In July of this year the government managed to convince 79% of the people who voted to pass a referendum which restricted the rights of some children born in this country to Irish citizenship. We helped campaign against the citizenship referendum on the grounds that to deny someone citizenship based on the fact that their parents were immigrants was racist and unjust. We also feared that that, if passed, the referendum would encourage racists and bring about a climate where they were likely to be more active.
Unfortunately that's turned out to be exactly what has happened. The National Consultative Committee on Racism and Interculturalism (NCCRI) has been compiling statistics on racist incidents since May 2001 and they reported an increase in both the number and seriousness of incidents during and after the referendum campaign. Racist incidents reported to the NCCRI had previously been running at the rate of about 47 every six months. Four months into this year that figure had already been passed and the nature of the incidents has been getting worse.
People have been literally run out of their homes and the areas they settled in. A black couple in Dublin had their windows smashed and the woman of the house, who was alone at the time, had to flee over her back wall into her neighbour's house when the attackers broke into her home. The same thing happened to a Pakistani woman who was alone with her child. She fled her home but was followed by three men and verbally and physically abused. African shopkeepers in Cork have had racist threats daubed on their buildings and all around the republic the number of racist incidents is on the increase.
Meanwhile north of the border the incidents are even more serious, with some of the attacks being linked to elements within Loyalist paramilitary groups. People have suffered punishment beating style attacks while their homes have been burned out with petrol bombs. People who previously focused their hatred on members of a different religious group now have a new focus, people from different countries. Families and individuals from Portugal, India, Africa, China, the Philippines and Eastern Europe have all suffered. To add to the problem the fascist White Nationalist Party has started organising in the North.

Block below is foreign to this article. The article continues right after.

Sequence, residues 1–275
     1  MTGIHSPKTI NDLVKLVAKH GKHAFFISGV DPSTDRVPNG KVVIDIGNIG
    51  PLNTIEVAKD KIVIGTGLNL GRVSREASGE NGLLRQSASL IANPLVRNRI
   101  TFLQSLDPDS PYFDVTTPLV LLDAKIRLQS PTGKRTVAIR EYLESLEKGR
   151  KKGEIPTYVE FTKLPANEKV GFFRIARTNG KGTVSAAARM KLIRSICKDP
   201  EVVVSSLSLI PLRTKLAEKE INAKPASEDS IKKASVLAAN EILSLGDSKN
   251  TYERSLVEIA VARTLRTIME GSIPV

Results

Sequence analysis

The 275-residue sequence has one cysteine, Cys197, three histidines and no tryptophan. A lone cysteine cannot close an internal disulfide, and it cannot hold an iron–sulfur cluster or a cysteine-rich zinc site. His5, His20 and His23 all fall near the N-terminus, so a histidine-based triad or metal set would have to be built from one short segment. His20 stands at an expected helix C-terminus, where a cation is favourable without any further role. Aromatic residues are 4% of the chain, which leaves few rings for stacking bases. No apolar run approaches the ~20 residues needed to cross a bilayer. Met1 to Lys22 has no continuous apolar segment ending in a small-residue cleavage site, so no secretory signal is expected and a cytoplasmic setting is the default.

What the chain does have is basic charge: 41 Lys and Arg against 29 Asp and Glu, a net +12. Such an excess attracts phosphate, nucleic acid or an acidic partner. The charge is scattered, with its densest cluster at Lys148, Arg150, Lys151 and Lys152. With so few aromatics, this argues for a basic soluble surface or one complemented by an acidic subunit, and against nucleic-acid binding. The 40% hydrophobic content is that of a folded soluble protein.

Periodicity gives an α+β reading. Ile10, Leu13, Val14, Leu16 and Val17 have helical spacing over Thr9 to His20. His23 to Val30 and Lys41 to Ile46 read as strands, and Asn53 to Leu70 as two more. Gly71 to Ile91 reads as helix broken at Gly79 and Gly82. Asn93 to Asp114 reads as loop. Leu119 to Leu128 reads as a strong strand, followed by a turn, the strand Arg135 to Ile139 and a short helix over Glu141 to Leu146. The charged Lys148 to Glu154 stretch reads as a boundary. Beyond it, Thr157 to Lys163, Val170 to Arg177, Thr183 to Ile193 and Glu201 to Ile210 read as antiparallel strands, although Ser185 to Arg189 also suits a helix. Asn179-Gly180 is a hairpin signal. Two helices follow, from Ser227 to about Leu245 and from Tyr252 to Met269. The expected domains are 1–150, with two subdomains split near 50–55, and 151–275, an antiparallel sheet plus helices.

Both North and South the hatred is reflected, and often driven by institutionalised State racism. It's no coincidence that racist incidents and attacks go up when the governments of both states attack the evils of supposed 'maternity tourists' and 'illegal immigrants'. Indeed in many of the incidents in the Republic attackers taunted their victims, telling them to 'pack their bags' and claiming that they'd be run out of the country after the referendum. So-called respectable politicians and media demonise and criminalise immigrants, they try to claim that immigrants are responsible for the terrible state of our health services and for housing shortages when the truth is that these problems are the result of government policy and morally bankrupt political parties.
We believe that racism must be confronted from a working class perspective. We urge working class communities to mobilise against racism and believe that the only long-term solution is for people in working class communities to come together, around common interests, and to fight alongside each other for better housing, facilities and the things that are needed by all of us. The bosses want us to be at each other's throats so that they can continue to exploit all of us. Let's not do their job for them.
This edition is No83 published in November 2004
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